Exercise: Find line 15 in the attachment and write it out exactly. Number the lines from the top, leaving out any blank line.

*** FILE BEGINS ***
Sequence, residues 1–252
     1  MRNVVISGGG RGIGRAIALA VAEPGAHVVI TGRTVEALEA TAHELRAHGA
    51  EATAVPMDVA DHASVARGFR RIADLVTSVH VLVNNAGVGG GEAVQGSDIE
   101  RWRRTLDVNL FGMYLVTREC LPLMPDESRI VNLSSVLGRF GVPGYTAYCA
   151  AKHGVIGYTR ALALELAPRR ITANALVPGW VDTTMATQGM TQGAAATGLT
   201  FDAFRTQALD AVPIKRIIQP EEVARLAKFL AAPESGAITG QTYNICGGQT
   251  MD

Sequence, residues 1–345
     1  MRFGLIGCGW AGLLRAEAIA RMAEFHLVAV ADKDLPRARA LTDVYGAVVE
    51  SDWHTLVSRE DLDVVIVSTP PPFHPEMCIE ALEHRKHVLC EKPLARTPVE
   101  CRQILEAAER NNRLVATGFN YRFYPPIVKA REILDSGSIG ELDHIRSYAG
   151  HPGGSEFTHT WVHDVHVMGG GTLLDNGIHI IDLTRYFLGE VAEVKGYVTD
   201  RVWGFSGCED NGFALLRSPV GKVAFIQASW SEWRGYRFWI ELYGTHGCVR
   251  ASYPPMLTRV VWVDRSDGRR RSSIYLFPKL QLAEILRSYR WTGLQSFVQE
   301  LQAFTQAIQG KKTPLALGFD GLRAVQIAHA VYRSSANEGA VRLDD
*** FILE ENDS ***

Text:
   301  LQAFTQAIQG KKTPLALGFD GLRAVQIAHA VYRSSANEGA VRLDD